Rupert Pearce, CEO, Inmarsat. Credit: SpaceNews/Kate Patterson.

PARIS – Mobile satellite services operator Inmarsat on Aug. 4 sought to persuade investors that the pricing pressure affecting worldwide satellite prices will have less effect on Inmarsat than on its competitors, who are more focused on fixed data markets.

London-based Inmarsat said the price declines expected from the arrival of high-throughput satellite (HTS) systems is likewise more of an issue for companies offering fixed consumer broadband services, a business that Inmarsat has not entered.

Addressing a conference call, Inmarsat Chief Executive Rupert Pearce specifically said the company is not worried that very-high-throughput satellites being designed by competitor ViaSat Inc. of Carlsbad, California, pose no threat to Inmarsat’s aviation-connectivity business.

ViaSat-3 still a beast, but no longer mythical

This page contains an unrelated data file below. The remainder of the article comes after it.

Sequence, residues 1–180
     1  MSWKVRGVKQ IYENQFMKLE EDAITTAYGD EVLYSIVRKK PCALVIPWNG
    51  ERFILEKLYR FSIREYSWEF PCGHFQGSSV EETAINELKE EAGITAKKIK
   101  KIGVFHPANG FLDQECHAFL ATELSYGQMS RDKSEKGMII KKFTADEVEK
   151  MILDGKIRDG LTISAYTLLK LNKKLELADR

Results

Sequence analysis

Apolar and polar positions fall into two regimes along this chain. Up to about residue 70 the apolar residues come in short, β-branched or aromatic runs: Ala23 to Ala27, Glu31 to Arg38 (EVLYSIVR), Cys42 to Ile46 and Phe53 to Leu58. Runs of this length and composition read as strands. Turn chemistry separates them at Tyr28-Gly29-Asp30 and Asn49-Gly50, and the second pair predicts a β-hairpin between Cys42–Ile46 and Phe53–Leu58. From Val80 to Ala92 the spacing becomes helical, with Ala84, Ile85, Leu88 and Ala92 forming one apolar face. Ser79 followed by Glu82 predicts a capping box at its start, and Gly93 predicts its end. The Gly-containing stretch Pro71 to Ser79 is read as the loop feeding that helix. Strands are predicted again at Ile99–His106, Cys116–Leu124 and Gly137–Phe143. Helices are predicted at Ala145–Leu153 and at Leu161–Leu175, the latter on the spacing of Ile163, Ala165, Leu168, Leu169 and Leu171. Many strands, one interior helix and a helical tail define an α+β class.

“It is no longer a mythical beast, I’ll accept that,” Pearce said of ViaSat-3, a planned global network that will compete in Europe with Inmarsat’s satellite-terrestrial European Aviation Network (EAN).

“But we haven’t got hard numbers on ViaSat-3” costs yet, Pearce said. “It isn’t designed, it isn’t funded, it isn’t built and it certainly isn’t launched. So we’re tilting at windmills a little bit here. But from what we know about ViaSat-3 today, I am very confident that EAN will have superior economics in terms of cost per bit.”

Pearce said EAN, whose satellite will be launched by mid-2017, would be operational sometime in the second half of 2017, at least two years before the European ViaSat-3 satellite enters service.